Touching and Hearing Unseen Objects: Multisensory Effects on Scene Recognition:

i-Perception , Volume 7 (4): 1 – Aug 23, 2016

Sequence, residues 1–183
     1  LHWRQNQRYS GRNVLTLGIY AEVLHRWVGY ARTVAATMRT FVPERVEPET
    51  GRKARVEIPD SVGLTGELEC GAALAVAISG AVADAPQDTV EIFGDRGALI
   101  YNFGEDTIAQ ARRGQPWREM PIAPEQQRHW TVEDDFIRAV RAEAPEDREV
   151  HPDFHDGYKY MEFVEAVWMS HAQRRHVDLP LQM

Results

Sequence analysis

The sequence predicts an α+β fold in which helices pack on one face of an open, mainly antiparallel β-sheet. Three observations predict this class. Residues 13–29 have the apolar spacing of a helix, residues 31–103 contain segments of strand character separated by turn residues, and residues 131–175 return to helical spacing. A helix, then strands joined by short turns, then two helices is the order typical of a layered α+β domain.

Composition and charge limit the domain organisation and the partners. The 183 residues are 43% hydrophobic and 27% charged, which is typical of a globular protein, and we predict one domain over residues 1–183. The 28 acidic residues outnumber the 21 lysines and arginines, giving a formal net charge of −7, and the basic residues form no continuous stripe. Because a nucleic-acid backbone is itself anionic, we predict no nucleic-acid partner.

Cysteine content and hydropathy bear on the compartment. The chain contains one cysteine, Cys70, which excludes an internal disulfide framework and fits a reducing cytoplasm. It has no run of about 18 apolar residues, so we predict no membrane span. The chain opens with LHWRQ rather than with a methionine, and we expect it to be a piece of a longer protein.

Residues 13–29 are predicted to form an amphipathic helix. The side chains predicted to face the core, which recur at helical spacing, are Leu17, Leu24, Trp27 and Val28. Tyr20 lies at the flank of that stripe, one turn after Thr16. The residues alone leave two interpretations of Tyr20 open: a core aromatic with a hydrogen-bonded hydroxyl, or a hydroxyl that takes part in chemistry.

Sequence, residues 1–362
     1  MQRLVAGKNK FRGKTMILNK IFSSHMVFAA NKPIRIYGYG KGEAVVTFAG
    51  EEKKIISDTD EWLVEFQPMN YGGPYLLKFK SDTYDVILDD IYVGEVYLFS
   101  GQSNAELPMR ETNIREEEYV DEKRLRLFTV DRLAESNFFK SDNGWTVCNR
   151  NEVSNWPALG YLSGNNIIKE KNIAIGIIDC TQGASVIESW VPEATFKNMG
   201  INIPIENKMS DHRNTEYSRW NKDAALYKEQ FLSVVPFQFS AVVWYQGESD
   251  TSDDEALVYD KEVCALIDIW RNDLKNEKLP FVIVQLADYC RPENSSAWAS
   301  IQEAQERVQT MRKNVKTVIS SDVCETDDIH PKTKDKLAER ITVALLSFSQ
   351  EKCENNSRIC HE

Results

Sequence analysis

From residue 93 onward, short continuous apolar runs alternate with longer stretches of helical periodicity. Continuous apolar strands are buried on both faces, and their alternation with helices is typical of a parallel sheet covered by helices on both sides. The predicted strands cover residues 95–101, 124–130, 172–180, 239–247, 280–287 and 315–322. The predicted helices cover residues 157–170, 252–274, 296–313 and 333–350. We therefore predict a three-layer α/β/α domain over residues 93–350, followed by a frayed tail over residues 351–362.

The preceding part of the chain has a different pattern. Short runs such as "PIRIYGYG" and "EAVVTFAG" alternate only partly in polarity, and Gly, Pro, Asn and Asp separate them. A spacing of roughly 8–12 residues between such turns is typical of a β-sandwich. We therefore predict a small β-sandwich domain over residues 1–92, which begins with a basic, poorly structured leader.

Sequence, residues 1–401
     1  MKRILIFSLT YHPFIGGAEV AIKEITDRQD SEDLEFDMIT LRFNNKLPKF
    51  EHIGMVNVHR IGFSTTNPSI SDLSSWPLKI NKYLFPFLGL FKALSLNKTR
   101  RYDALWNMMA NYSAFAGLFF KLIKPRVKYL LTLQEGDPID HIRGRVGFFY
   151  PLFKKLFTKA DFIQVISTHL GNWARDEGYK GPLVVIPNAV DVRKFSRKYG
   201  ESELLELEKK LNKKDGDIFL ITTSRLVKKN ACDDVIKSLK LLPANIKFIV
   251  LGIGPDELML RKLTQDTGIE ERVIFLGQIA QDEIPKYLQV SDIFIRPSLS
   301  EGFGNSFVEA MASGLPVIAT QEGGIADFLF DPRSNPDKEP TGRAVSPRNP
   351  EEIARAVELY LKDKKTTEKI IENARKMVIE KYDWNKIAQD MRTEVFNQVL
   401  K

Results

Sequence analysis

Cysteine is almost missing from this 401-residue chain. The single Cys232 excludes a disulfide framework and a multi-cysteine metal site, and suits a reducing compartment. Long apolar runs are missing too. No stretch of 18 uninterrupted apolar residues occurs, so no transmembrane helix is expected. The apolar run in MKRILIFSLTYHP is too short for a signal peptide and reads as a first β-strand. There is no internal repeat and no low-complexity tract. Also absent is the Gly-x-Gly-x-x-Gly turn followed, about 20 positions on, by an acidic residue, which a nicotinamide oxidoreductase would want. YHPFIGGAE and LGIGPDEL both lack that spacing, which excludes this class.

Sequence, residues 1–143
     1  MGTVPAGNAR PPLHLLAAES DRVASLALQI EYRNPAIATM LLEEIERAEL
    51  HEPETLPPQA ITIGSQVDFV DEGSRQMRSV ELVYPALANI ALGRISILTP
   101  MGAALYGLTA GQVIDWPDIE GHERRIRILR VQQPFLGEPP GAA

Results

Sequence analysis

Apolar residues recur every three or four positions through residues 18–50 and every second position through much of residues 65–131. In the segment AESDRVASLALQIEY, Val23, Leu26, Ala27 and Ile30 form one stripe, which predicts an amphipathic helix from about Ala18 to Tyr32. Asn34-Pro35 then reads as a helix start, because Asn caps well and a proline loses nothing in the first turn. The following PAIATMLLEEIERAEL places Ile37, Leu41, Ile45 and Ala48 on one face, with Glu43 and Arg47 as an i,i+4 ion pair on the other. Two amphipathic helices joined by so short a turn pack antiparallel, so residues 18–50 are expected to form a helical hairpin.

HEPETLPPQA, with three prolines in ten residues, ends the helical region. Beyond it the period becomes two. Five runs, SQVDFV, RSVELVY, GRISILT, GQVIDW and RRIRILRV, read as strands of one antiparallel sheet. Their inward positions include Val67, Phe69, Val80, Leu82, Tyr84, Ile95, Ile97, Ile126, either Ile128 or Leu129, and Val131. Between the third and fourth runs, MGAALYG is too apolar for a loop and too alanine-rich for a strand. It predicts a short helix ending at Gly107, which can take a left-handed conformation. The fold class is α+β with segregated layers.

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Abstract